Fox Nation and Fox News Radio host Todd Starnes: “Mueller just poured gasoline on the Democrats' Impeachment fire.”
Radio host Rush Limbaugh: “He begged [Congress] to impeach. He gave them the green light. He said that’s what you people have to do.”
Fox News contributor and Townhall Editor Katie Pavlich: “Impeachment is coming.”
Former Fox News host Bill O’Reilly: “After Robert Mueller’s deflection to Congress on the obstruction issue, we can expect democrats to begin impeachment proceedings. That will harm the country economically and lead no where as the Senate will not convict.”
Fox’s Martha MacCallum and Brian Kilmeade agreed Mueller “threw some kerosene on the fire.” Fox & Friends co-host Brian Kilmeade said on his radio show Mueller “closed his office, he called it quits, but before he did it, he actually threw some kerosene on the fire and then threw the match.” Fox News anchor Martha MacCallum agreed, saying: “Absolutely, no doubt.” Kilmeade then added: “So my sense was he saw the chaos that happened after he released the report that was supposed to put a fine point on a 22-month investigation, and he made it worse.”
Fox's Lisa Boothe: “Robert Mueller is a hack. And we know that he’s a hack because he gave Democrats exactly what they wanted ... more fuel to the fire of impeachment.”
Fox host Pete Hegseth falsely claimed that Trump will “rightfully” say there was “no obstruction” and that he's “exonerated.” Mueller actually explained that he was prevented from considering charging Trump with a crime because of Department of Justice policy.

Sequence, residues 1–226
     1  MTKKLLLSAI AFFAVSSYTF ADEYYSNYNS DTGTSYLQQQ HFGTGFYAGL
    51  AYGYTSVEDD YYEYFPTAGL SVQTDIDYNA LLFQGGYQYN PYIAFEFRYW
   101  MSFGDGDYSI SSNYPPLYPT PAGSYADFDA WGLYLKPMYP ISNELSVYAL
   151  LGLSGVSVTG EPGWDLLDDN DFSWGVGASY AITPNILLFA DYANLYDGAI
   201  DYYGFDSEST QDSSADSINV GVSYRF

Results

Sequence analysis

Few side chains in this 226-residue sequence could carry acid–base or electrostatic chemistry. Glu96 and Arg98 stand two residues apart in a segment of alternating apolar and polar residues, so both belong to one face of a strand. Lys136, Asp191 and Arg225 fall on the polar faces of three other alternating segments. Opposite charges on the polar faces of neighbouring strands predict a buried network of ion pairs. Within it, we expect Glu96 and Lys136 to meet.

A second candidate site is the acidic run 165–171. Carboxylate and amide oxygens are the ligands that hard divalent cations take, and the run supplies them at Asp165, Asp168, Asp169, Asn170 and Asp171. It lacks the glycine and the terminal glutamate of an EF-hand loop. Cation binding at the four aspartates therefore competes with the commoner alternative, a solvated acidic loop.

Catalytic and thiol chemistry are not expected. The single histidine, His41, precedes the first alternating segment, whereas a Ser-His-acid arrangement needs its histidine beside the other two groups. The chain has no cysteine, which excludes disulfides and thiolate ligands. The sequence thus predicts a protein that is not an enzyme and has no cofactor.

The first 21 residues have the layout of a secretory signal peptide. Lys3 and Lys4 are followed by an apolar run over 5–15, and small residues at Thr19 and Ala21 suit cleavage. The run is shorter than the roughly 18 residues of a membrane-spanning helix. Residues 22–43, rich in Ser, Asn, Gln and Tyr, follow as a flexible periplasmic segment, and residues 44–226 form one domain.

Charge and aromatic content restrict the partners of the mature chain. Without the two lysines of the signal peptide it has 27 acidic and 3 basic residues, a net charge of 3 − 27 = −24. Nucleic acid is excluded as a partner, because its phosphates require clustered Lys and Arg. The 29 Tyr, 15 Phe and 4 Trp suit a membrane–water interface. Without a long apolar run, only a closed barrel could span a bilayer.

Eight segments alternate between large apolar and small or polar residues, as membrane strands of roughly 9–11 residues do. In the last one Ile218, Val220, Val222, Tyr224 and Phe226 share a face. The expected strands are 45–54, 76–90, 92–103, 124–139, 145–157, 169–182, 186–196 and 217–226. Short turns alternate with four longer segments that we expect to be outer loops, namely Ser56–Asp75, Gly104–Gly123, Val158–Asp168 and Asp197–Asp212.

Wash. Examiner’s Philip Klein: “Impeachment or bust: Robert Mueller just made clear he won't give Democrats a second crack at his report through testimony.” The text of Klein’s article was more accurate than its headline, correctly noting that Mueller said the report covers everything he has to say about the investigation.
The Federalist Senior Editor Mollie Hemingway: “Multiple people at DOJ say Mueller stated that [Office of Legal Counsel] opinion had nothing to do with his decision not to charge obstruction, and report itself doesn’t make determination on obstruction, as it did on collusion. Remarks today curiously at odds with both.” While responding to a reply pointing that Mueller had set the record straight with his statement, Hemingway added that Mueller “wasn’t speaking under oath while someone who said otherwise was, so…..”
Fox contributor Jason Chaffetz: “It’s purely a guess, but from where I sit I think it was to cover his butt within his own political, social circles. … Barr was actually out there telling the truth, and it scared Mueller and his reputation. He was supposed to be the guy to get Trump, and he didn't, and he feels bad about that.”
Gingrich: “My guess is that in his social circles, people felt that he had failed to serve the worthy cause of destroying Donald Trump, and he was trying to sort of cleverly toss it to the Congress."